Pensions  

Sipp providers reap interest turn

Sipp providers reap interest turn

A wide variance exists in the amount of interest payments Self-invested personal pension (Sipp) providers take from investors’ cash holdings, swinging from nil to 1 per cent.

Known as ‘interest turn’, it is the money Sipp providers earn from interest paid by banks on customers’ cash holdings within the Sipp.

Abraham Okusanya, principal at research firm FinalytiQ, said such interest earned by providers on deposits was a cost to clients, and providers should disclose it in pounds and pence.

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Mr Okusanya said: “There are instances where providers are earning as much as 85 per cent of the interest, and leaving clients with the remainder. I don’t believe that this is treating customers fairly at all.”

In August this year, it was revealed almost a quarter of advisers wanted an outright ban on Sipp providers earning money from retained interest charges in projections and reduction in yield calculations.

Xafinity said it had always openly disclosed that it took interest turn, and could take up to 1 per cent, claiming in reality it took much less than this.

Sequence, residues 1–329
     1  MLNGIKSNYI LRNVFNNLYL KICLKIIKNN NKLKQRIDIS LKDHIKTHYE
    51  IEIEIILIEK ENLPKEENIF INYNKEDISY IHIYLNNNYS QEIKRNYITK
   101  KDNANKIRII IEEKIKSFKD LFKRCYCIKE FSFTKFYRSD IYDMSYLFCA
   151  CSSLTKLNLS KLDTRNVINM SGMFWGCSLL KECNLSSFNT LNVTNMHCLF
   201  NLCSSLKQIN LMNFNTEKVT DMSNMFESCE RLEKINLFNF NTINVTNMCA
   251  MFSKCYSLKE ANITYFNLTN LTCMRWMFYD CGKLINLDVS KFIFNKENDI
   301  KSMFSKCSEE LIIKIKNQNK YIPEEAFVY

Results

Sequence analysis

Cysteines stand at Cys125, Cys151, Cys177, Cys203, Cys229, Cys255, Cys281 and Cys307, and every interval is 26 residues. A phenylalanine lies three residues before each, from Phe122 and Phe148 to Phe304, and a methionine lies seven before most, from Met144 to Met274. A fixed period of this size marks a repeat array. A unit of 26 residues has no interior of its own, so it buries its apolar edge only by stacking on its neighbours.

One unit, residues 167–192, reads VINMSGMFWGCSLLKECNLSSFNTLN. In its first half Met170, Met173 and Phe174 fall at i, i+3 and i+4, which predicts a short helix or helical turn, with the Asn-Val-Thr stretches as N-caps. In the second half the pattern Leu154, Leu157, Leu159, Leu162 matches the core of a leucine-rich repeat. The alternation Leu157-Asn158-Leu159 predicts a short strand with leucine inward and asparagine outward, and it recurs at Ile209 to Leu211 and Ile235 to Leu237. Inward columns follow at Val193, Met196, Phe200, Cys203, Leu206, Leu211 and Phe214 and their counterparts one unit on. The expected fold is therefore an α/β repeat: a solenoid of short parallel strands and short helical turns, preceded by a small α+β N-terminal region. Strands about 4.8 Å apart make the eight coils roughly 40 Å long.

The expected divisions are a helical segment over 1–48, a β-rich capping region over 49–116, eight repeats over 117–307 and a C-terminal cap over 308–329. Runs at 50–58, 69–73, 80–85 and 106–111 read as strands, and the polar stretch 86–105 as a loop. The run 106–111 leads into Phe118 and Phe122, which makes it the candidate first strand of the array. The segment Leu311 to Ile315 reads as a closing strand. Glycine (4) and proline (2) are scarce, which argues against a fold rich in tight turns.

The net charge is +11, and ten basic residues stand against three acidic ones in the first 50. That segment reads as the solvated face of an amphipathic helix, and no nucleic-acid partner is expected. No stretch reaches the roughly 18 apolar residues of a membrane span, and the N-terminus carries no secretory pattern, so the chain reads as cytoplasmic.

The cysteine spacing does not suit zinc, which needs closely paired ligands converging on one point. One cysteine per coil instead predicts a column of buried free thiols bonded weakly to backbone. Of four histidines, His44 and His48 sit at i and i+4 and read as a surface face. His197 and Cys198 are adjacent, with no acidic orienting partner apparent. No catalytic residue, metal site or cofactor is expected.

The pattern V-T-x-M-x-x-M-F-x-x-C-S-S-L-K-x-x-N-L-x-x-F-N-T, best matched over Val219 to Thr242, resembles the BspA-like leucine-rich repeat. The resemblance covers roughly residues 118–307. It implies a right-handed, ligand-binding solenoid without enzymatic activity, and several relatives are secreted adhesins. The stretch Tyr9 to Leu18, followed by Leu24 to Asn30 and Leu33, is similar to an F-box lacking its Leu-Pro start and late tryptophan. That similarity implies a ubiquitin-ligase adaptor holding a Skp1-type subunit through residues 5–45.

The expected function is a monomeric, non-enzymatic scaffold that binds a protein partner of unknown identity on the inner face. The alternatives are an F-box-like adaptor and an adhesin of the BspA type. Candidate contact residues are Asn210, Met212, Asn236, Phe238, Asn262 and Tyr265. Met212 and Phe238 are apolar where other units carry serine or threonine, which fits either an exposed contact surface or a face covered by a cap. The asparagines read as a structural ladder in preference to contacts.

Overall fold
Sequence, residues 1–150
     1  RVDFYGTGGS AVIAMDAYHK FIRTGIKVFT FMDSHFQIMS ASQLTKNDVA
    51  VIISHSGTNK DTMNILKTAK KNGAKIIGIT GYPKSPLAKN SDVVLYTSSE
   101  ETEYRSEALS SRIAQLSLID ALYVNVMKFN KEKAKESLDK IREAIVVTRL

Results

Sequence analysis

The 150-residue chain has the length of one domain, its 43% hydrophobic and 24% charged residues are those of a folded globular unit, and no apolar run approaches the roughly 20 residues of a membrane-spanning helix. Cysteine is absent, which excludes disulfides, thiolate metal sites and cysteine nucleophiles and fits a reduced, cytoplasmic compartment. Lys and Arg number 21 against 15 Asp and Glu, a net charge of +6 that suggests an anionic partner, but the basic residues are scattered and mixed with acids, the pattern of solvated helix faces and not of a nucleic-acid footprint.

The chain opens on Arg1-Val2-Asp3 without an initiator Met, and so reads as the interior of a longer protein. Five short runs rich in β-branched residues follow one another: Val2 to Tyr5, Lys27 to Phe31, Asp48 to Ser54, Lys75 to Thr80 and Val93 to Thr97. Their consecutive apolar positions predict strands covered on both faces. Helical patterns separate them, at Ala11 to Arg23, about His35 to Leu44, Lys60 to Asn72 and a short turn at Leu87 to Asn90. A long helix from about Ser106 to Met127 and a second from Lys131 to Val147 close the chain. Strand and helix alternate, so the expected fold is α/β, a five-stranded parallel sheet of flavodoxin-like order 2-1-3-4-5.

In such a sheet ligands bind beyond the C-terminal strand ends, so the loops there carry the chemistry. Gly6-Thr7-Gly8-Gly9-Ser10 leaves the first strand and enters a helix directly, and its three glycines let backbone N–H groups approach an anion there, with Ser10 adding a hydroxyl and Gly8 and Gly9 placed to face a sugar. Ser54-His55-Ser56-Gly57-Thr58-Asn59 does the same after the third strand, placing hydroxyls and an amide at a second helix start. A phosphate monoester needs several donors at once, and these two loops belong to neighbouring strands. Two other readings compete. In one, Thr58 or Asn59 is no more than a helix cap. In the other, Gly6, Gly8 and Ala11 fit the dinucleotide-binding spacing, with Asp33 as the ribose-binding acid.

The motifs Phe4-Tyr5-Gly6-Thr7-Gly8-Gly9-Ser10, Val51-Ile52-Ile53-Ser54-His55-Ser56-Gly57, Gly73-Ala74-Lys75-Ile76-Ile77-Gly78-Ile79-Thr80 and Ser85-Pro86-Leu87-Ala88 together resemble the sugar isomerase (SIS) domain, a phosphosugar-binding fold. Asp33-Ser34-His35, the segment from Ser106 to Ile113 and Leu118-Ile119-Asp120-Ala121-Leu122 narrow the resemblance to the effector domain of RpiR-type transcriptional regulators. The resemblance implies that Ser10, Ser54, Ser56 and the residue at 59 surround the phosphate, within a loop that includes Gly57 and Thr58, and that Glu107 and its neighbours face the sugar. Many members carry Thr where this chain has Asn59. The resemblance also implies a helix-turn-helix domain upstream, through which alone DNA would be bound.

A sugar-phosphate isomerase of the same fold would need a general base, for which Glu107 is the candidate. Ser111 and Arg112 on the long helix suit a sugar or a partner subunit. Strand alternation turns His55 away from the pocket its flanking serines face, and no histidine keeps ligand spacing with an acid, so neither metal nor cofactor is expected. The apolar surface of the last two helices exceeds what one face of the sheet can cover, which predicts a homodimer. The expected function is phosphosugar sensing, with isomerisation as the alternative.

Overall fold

Hargreaves Lansdown took 0.53 per cent to the end of June 2015, according to the latest figures available.

London & Colonial takes 0.5 per cent on top of the Bank of England base rate.

Liberty Sipp receives 0.5 per cent, AJ Bell takes between 0.25 per cent below and 0.6 per cent, while Dentons takes an interest turn of 0.03 per cent on balances below £100,000.

John Moret, founder of consultancy MoretoSipps, said, historically, Sipp providers have taken 2 or 3 per cent in interest turn, and such income was the difference between profit and loss.

Mr Moret called for providers to be forced to declare the level of interest that they withhold expressed as the equivalent additional annual per member charge.

Colin Rodger, director at Glasgow and Edinburgh-based Alexander Sloan Financial Planning, said: “It is an issue of trust between the client, the provider and the adviser in the middle, and as a practice, they should not be doing it – at the very least they should be disclosing what they are doing.”

Aviva, Curtis Banks, MW Pensions, Morgan Lloyd, Momentum Pensions, Nucleus and Barnett Waddingham told Financial Adviser they did not take any interest turn.

Meanwhile, Mattioli Woods, Suffolk Life and James Hay Partnership all declined to comment.

ruth.gillbe@ft.com